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Some artists go to the Threadless website for the competition, to craft T-shirt designs that will win a given week's online contest.
Some go for the constructive criticism, the feedback -- good, bad and brutal -- they get from fellow artists about their work.
A few even go for the compensation, the payout that winning designs garner.
But they stay for the community, a coterie of creative sorts, thousands strong, who bond online on a daily basis.
"What makes this a success is getting immersed, all the interactivity," said Minneapolis graphic designer Phil Jones.
Eight of Jones' designs have become Threadless T-shirts, and one of them appeared in the recently published "Threadless" -- a book by Jake Nickell that chronicles, as its subtitle says, "10 Years of T-shirts From the World's Most Inspiring Online Community."
Nickell, who was born in Rochester, Minn., was a 20-year-old art-school dropout when he co-founded the website, then called Dreamless, a decade ago.
"It really started as a hobby," he said, "something fun to do with a lot of artists I know online."
Since then, annual revenues have grown from $20,000 to tens of millions, a company official said. Most revenue comes from annual sales of millions of T-shirts.
Every week, the website (www.threadless.com) posts hundreds of design submissions for potential T-shirts. Registered users then rate them from zero to five points.
Six of those designs actually become T-shirts -- their creators get $2,000, a $500 gift certificate and a shot at more money -- but it's not always the six highest scorers.
"Sometimes a design can score off the charts, and they don't print it for business reasons," said Jones, 28.
More than 80,000 artists, two-thirds of them from overseas, have submitted designs. Nickell said Threadless has filled orders from 180 countries.
The designs are all over the map figuratively, too, from simple block lettering ("Procrastinators: leaders of tomorrow") to Jones' Mr. T made of folded-up T-shirts.
While T-shirts make up the inventory online and at three Chicago stores, Threadless is looking into designs for other types of products.
"But we will keep it where the artists are designing for themselves rather than for a company," Nickell said.
He added that Threadless is meant to be more an avocation than a job for designers, geared "for people who go home and still have creative energy."
The site certainly works that way for Brock Davis, 37, creative director at the Minneapolis ad agency Carmichael Lynch Spong. He has four winning designs in the book -- including "Boynado," in which a little tornado with a cow swirling in its vortex asks a bigger tornado, "Can I keep it?"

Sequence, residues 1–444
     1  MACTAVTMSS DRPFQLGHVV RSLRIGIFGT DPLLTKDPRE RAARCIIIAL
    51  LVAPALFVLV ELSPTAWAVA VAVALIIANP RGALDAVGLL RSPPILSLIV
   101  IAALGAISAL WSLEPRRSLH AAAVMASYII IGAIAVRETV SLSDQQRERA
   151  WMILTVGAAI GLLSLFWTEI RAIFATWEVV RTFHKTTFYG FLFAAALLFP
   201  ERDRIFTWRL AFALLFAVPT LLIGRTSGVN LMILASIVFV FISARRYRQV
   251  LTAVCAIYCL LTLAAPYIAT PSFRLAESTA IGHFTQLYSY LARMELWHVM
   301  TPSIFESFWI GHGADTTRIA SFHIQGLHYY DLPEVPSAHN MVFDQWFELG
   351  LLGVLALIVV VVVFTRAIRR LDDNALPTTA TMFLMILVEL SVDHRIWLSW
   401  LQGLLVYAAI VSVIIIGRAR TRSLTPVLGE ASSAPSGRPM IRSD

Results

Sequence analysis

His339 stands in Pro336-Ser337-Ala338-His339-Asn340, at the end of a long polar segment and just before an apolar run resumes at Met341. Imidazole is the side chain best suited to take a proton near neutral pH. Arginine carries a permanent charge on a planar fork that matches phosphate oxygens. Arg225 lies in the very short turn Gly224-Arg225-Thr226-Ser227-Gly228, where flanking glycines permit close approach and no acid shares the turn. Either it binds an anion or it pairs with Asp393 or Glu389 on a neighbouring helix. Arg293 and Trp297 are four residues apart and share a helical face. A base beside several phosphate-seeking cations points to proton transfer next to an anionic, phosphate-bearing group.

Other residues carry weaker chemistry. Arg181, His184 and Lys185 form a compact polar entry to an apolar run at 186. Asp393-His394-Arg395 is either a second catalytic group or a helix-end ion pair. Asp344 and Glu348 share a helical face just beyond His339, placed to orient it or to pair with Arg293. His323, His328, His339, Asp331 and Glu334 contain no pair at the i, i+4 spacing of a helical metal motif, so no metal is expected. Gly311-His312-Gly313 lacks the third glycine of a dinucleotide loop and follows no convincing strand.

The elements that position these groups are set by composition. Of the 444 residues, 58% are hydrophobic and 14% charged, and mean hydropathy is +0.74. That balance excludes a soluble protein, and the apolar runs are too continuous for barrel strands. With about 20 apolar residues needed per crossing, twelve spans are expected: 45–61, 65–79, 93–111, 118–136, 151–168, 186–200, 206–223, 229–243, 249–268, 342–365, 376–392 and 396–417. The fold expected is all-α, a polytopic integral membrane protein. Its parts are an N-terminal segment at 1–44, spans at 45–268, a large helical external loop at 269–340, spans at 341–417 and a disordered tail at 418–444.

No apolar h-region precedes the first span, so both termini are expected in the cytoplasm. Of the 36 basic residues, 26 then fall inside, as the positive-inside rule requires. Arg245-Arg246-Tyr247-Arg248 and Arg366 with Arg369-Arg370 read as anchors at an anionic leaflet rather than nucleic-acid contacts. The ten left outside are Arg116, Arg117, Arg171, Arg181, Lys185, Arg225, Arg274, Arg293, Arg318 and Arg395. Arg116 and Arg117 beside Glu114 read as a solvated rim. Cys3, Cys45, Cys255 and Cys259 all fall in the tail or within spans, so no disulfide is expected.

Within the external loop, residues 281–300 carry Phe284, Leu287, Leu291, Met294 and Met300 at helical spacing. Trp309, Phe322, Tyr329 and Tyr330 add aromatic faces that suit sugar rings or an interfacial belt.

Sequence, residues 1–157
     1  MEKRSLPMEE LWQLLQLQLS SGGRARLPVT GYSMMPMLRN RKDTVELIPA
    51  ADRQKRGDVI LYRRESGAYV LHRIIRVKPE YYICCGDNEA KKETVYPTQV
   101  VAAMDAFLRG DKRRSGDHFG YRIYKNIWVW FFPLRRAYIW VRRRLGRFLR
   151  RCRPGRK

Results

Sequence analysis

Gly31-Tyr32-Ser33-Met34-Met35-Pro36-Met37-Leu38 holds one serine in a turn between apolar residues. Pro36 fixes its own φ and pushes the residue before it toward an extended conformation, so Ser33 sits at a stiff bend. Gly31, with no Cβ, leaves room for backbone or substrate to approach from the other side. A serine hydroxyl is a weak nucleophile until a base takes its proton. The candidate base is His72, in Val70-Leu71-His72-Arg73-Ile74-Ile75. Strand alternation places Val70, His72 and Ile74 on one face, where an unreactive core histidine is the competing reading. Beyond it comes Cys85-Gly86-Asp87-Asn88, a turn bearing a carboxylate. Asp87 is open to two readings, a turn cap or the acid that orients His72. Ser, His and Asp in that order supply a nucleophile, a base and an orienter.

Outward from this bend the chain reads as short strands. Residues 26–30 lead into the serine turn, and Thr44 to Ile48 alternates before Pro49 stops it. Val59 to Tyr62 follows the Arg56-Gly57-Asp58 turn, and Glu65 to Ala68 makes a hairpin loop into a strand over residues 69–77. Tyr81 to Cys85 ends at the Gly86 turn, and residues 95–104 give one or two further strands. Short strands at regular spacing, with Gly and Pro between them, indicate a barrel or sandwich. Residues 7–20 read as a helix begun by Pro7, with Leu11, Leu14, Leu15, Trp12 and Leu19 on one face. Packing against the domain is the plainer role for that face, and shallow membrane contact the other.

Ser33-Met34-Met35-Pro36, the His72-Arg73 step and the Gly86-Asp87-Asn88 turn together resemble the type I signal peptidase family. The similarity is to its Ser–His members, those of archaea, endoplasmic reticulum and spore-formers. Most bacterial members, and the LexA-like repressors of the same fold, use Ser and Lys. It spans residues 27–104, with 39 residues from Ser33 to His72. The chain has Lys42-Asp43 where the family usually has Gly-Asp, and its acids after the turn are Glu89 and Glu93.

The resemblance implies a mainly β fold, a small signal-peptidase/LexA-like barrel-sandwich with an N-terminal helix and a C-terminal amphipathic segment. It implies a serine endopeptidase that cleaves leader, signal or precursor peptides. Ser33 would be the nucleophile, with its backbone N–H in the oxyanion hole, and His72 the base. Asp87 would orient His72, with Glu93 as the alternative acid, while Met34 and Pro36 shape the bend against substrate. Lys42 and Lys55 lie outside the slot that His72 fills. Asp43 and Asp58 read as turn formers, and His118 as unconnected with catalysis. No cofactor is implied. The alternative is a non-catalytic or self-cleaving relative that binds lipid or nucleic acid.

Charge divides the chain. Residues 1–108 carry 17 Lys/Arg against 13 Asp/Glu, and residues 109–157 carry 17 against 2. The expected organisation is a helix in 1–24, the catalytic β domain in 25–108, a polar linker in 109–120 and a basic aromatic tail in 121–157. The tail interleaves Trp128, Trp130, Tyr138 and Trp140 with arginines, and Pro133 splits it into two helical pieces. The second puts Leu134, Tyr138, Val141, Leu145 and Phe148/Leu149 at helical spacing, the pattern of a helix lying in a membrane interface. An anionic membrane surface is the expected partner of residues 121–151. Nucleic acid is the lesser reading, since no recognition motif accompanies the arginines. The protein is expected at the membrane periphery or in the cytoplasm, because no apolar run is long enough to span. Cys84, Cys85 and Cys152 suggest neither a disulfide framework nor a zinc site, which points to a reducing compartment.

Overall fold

"In my regular job, the creative work needs to be approved, and needs to be more than for my own personal satisfaction," Davis said. "At Threadless, it's like your brain going on vacation and having fun. You can do something you want, and if doesn't work out, you just do another one."
But while the site can be, in Davis' words, "very warm, very welcoming," sensitive sorts need not apply.
"Oh, you get really thick skin quickly," said David Schwen, 27, who works at the Minneapolis branding agency Mono. "But hard criticism makes you better."
"If you have a really good idea and the execution isn't right, they'll say, 'Wow, great idea, but you should do this and this.'"
"At a certain level of success, everybody becomes your mother," he said, "and goes, 'That's nice,' and puts [your work] up on the refrigerator.
"Everybody needs criticism. I get consumer feedback from my wife. But artists can tell me why something is not working. The immediate feedback is irreplaceable."
The collaboration and communication extend beyond the electronic realm, to regular meet-ups worldwide.
"Yes, designers will put the computer down and go meet each other in person," said a chuckling Davis, who went to a meet-up this year in Chicago. "You get to know these people and learn that they're even cooler in person than online."
It helps, Davis added, that the company is not like a typical corporation.
"It's small, it's nimble, and it's like a family," he said. "And in turn, their community online is the same way."
Nickell is determined to keep it that way. So don't look for Threadless T-shirts at your nearby department store. He said he was approached by Target and Urban Outfitters about carrying the shirts, but "we've just always shied away from that because we felt the stories of where the design comes from couldn't be told there."
Bill Ward • 612-673-7643
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